Dodgers, Yankees consider trading for Lilly

Ted Lilly may not make his next start in a Cubs uniform. AP Photo/David J. Phillipc

The Chicago Cubs are in a waiting mode, waiting to jump on any deal that makes sense to them with the non-waiver trading deadline approaching at 3 p.m. CT on Saturday.

The Los Angeles Dodgers have had the most interest in left-handed pitcher Ted Lilly, and they’ve been pursuing him for over three weeks. The Dodgers general manager Ned Colletti and Cubs GM Jim Hendry had their first discussions about Lilly on July 9 in Hendry’s box at Dodgers Stadium. Since that time, the Dodgers have looked for money in order to acquire the Cubs pitcher.

The Dodgers have financial constraints due to the imminent divorce between the owners of the team, Frank and Jamie McCourt.

Although the Dodgers made a deal for Kansas City’s Scott Podsednik on Saturday, Podsednik’s pro-rated salary was less than $750,000.

Lilly still has $4.3 million left on his contract, which the Cubs expect any team they trade with to take in total.

Second baseman Ryan Theriot’s name has been a part of discussions, but he’s still owed over $1 million in 2010. The Dodgers would be lucky to find enough money and prospects in order to just obtain Lilly.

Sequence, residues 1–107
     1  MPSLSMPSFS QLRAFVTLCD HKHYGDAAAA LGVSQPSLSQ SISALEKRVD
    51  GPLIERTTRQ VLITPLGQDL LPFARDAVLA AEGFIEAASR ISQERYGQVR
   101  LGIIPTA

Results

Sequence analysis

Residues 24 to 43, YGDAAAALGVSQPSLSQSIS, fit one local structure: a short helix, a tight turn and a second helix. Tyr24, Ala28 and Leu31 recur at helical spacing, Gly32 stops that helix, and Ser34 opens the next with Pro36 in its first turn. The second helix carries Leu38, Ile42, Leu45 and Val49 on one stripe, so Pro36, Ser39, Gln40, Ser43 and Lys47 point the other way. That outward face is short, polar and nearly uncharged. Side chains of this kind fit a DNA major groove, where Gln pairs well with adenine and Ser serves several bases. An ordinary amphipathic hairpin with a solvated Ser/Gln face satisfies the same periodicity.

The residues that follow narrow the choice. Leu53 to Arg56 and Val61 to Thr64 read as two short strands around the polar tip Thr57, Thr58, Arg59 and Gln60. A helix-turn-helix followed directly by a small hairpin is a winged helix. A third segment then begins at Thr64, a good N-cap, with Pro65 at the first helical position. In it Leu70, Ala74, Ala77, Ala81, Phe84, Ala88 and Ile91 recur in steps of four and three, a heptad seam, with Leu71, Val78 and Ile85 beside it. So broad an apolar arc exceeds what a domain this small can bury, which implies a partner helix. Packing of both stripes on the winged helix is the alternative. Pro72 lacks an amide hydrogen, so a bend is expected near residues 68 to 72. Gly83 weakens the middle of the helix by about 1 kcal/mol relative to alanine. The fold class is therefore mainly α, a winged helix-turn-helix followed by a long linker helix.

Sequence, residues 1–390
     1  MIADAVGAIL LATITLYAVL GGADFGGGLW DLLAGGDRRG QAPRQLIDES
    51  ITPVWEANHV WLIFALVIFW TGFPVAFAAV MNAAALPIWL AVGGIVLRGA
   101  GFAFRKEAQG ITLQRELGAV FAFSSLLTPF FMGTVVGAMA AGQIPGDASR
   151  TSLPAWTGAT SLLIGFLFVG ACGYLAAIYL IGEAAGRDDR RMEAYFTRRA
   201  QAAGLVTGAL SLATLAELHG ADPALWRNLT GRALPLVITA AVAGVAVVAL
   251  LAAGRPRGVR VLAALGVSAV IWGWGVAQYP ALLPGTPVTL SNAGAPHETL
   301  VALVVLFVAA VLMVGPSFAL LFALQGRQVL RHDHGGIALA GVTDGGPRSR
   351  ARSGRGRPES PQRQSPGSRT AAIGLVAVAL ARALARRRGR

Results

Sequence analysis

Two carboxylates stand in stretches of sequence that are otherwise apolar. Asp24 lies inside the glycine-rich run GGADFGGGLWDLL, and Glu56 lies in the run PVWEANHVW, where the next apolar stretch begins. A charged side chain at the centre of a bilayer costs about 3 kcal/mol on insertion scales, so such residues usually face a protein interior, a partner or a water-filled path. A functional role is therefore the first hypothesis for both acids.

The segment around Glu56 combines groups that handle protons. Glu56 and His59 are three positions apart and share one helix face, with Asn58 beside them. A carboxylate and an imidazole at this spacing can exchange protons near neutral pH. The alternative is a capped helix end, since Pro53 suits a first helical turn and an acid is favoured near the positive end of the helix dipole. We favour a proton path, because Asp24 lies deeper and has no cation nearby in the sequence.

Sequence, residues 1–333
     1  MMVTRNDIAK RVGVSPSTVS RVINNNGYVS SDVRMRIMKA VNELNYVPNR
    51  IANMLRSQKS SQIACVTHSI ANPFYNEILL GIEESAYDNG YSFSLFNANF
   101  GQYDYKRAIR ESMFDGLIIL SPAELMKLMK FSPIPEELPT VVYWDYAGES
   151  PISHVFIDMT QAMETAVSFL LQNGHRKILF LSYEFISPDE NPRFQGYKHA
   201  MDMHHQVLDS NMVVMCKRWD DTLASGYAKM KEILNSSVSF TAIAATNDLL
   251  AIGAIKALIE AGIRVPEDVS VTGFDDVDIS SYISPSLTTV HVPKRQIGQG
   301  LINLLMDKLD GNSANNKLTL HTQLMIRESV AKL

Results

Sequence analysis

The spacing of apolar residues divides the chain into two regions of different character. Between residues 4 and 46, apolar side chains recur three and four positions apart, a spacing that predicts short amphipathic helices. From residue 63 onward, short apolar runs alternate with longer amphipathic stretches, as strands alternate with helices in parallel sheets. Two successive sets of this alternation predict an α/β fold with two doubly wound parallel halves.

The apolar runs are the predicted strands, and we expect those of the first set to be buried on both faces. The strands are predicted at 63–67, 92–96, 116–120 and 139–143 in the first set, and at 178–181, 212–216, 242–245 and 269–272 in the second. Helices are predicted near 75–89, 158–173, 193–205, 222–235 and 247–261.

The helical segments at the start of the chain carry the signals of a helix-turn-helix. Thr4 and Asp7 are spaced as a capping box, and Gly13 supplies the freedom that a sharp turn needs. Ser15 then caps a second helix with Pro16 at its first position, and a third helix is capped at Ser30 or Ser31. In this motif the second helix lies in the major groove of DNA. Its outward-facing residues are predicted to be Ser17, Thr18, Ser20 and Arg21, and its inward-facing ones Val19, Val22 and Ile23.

The New York Yankees have had interest lately in Lilly, as well. General manager Brian Cashman is known to get in on deals quickly, kick the tires and either make the deal or get out.

Arizona has shown interest in Theriot at either second base or eventually playing shortstop. If Arizona eventually trades starter Steven Drew, Theriot could be their everyday guy.

Meanwhile, the Diamondbacks have let teams know that second baseman Kelly Johnson is available. It’s unknown if the Cubs have interest in Johnson, who’s a top-of-the-order left-handed hitter. But they most likely do.

Hendry will not trade either Lilly or Theriot, unless they get the deal they want back. The Cubs are not in the position where they must move their players.

Hendry could just as easily past the non-waiver trading deadline, and deal Lilly or Therior through waivers after Aug. 1.

Although other teams can block trades during that period, Hendry may be in a stronger position to make a trade when other teams start losing their pitchers and position players through injuries.